• Multiple primaries (more than one type of cancer in the same person)
  • Bilateral disease (cancer occurring in both sides of a paired organ, e.g., cancer in both breasts)
  • Multifocal disease (many primary tumors arising in the same organ)
  • Rare cancers clustered in the same side of the family
  • Breast & ovarian cancer in the same side of the family
  • Breast cancer that occurs in a male
  • Colon and uterine cancer in the same side of the family
  • Multiple colo-gastrointestinal polyps in a young individual (e.g., 10 in a person)
The genes involved with cancer can come from either side of the family. Thus, a cancer gene trait may be passed to a daughter through her father who did not have cancer. Accurately interpreting family history information is an essential aspect of genetic counseling.
 
What if I don't have much information about my family?
Although a large family may provide more clues to interpreting hereditary risk, many of us have small families or limited information available about our family's past. Sometimes various strategies can be used to find out more information, such as contacting relatives, searching for medical records or obtaining copies of death certificates.
 
What are the limitations of genetic testing?
Because testing techniques vary, it is important that your genetic counseling team explain the method of testing being used to look for a mutation and the chances that method will find a mutation. Different methods have different levels of sensitivity, and therefore, even with the best technology, in some cases testing may not be able to find an existing cancer-causing mutation for you or your family.
 
Are my test results confidential?
Test results will be part of your medical record and, as all medical records, they will never be shared with anyone other than yourself without your permission, as the law indicates. If your health insurance company paid for your testing, the insurer could ask for the test result. The pros and cons of disclosing your result to others will be discussed with you. Participation in a research study is strictly confidential, as outlined in the requisite informed consent document provided to all study participants.
 
What are the psychological effects of testing?
Individuals differ in their thoughts about genetic testing for cancer risk, what risk means to them, and ways to manage risk. They might feel that the knowledge gained from testing, regardless of the test result, helps them to feel less uncertain and to make better health care decisions armed with more knowledge. They might feel relieved to know that a genetic change was responsible for cancer rather than something about their lifestyle or environment. Others prefer not to know, or decide that the information learned from testing would not be useful to them, perhaps in that it would not change their health care management or provide information for other family members.

Genetic testing can also affect family relationships. If a family member has a mutation, a relative who learns that she or he does not have the mutation may feel guilty for being spared. People in whom a mutation is identified may feel a change in self-image, fear of the future, anger, surprise, worry or guilt for possibly passing a mutation on to their children. The inability to identify a mutation in a family could also be upsetting to some people. These are all normal reactions.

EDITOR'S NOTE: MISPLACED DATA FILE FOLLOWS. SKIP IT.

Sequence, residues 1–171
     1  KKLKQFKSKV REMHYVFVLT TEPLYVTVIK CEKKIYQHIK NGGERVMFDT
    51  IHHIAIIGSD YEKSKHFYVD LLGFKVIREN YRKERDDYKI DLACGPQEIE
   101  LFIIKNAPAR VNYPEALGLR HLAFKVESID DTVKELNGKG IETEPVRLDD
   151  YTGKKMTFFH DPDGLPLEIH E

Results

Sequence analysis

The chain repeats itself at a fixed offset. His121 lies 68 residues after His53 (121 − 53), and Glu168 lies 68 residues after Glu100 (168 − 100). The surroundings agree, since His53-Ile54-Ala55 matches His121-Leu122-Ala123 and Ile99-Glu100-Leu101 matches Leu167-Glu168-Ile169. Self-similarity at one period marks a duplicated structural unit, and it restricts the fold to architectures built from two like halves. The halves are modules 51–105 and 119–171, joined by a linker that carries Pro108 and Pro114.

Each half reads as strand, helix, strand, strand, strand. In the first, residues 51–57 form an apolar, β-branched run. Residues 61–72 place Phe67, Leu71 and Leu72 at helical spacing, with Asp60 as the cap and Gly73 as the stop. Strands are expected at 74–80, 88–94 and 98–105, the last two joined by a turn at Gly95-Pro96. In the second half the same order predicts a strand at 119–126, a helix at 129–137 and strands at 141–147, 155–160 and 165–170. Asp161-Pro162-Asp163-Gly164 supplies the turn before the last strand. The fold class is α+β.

Some people seek psychological counseling prior to or after testing to help cope with decisions about testing and the implications of test results.
 
What about possible discrimination due to having a disease-associated mutation?
There has been concern that people identified as at high risk for cancer could be discriminated against when obtaining or retaining health insurance, disability insurance and life insurance, and when obtaining or retaining employment. Further, having a cancer-prone genetic makeup could lead to social stigma and social discrimination in terms of choice of schools or careers, adoption, and even dating and marriage relationships.
 
What are the legal protections?
In the past, laws at the federal and state levels offered some protection against discrimination based on genetic testing or family history information; however those laws did not offer unqualified full protection. Recently, the Genetic Information Nondiscrimination Act (GINA) was signed into law and provides the most comprehensive protection against genetic discrimination of any law thus far.

Genetic Information Nondiscrimination Act (GINA) of 2008: The Genetic Information Nondiscrimination Act (GINA) is a long-awaited piece of federal legislation prohibiting the use of genetic information in health insurance coverage decisions or employment. This legislation prohibits insurance companies from determining health insurance eligibility or premiums based on genetic test results or family history. In addition, GINA prohibits employers from using genetic information in decisions regarding employment, compensation, conditions or privileges of employment. For more information see Hudson et al. New England Journal of Medicine 358: 2661-63, 2008.

Health Insurance Portability and Accountability Act (HIPAA): In August 1996, HIPAA was signed into law, expressly stating that people who are covered by a group health insurance policy of 50 or more individuals by their employer may not be denied a similar policy due to genetic information or other pre-existing conditions when they change jobs. This law was a first step in providing federal protection against genetic status discrimination. However, it does not protect self-employed individuals or those working for small employers, so the more comprehensive GINA was later passed.

At the state level, California law prohibits prepaid health care plans, self-funded/self-insured employer/employee welfare benefit plans, nonprofit hospital service plans, and life and disability income insurance companies from discrimination based on genetic characteristics to persons unaffected by a genetic-related disorder. Genetic characteristics are defined as a family history of genetic disorders or gene alterations causing or increasing the risk of a disease or disorder.